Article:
The differences in stimulus to support populations are considerable, with an undesirable setback in poverty and food security in mainly low-income countries. Other differences are related to the battle between the virus and vaccine availability. Vaccinations have started in most emerging markets, but the pace of rollouts varies considerably across countries. It is not helping that vaccinations are flowing slowly to low-income countries. In fact, it has become more evident over the past few months that in the race to get vaccines the poorest countries often pull the short straw.
Repairing the ship while sailing the COVID-19 waves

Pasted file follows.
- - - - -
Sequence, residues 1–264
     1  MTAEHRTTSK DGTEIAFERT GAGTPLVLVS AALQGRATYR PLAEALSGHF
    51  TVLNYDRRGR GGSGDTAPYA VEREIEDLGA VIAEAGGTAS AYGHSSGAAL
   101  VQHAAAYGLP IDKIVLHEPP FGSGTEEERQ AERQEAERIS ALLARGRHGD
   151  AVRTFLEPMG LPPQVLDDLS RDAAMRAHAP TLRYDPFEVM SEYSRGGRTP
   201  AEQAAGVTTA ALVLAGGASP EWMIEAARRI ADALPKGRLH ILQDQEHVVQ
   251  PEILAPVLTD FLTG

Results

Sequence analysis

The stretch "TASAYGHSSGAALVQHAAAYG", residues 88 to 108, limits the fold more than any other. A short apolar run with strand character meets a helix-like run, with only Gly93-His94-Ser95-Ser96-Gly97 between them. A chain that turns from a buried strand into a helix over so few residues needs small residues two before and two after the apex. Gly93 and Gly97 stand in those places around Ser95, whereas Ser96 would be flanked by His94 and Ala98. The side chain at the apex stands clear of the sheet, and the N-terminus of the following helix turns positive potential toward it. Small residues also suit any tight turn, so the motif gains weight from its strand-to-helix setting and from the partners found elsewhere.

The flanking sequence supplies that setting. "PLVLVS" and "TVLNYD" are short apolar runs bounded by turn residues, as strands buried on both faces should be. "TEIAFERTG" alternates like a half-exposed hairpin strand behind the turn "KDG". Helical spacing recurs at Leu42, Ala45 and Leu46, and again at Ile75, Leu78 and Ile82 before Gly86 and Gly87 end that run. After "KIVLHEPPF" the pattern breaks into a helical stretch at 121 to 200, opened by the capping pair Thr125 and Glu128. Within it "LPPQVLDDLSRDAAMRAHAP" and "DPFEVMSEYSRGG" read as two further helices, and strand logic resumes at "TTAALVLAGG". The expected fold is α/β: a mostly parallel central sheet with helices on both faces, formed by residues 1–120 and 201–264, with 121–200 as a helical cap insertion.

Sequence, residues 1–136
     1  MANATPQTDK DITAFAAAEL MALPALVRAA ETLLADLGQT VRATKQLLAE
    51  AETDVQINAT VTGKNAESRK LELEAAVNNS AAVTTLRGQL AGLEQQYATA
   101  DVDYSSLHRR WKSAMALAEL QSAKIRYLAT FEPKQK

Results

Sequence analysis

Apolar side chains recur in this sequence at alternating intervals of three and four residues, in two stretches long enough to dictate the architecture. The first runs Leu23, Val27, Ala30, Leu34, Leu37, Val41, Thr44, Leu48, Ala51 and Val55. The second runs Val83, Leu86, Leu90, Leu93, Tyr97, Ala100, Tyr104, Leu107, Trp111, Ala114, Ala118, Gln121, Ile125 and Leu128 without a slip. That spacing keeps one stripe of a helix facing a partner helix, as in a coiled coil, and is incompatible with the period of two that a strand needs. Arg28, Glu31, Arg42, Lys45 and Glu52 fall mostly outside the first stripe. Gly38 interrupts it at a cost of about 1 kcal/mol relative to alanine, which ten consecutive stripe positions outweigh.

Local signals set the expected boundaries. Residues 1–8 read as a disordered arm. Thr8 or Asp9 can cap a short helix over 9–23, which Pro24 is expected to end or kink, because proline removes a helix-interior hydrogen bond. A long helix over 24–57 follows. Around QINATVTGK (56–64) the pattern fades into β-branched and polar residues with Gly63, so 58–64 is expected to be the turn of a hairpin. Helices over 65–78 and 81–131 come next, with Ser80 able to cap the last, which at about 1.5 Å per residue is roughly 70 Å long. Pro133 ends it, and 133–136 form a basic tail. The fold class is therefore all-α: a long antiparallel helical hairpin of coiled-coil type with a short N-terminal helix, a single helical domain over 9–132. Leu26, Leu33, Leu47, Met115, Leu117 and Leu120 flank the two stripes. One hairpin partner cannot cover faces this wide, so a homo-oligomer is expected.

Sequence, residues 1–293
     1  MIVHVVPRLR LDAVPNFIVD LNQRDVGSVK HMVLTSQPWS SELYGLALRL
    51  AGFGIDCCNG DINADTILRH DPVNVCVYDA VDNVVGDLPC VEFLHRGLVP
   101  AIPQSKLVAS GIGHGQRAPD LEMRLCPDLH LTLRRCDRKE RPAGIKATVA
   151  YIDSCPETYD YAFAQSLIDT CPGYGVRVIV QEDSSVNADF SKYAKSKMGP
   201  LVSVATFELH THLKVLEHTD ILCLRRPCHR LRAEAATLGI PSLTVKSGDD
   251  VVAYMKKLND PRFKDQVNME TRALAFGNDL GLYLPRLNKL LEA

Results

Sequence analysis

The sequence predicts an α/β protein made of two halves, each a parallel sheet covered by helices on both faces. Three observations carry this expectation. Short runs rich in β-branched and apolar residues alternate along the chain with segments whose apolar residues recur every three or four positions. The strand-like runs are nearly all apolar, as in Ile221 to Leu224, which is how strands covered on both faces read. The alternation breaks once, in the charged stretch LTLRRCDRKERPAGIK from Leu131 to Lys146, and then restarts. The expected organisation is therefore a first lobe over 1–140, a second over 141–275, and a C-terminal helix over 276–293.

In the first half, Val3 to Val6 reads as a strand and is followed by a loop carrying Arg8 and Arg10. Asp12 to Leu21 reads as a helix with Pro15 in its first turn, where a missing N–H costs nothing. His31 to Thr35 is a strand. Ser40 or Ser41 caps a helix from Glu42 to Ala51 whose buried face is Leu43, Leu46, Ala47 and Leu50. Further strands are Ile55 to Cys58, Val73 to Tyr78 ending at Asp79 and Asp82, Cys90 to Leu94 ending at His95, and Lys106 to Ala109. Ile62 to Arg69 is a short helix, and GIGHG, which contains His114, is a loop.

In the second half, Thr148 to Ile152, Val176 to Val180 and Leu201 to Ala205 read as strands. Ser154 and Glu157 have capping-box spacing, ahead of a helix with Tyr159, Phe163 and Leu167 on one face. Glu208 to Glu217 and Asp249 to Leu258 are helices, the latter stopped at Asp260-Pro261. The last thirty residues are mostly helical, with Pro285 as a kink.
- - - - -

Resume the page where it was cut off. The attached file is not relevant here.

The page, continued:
Therefore, for emerging markets, the most immediate challenge is being able to maintain stimulus until the virus is under control. The costs for governments are piling up and inequality is escalating. That is why more hands are needed in rebuilding a more sustainable economy.
Collaborating in impact investments that require capital allocation towards productive activities, such as building structures, improving human capital and working with digital technology by sharing information and knowledge, as well as financing can help us move at a faster pace. Just an example of the impact of collaboration, we are co-financing a large-scale mini grid renewable energy investment that is making it possible for Nigeria to access affordable energy for schools households and small firms.
Our task in the coming time will be to push forward for a more inclusive economy that is in balance with our environment. The pandemic has proven already that it is difficult even in times of crisis to persuade governments and citizens to work together in common interest. But there is no other choice given the urgency and the dimension of the challenges.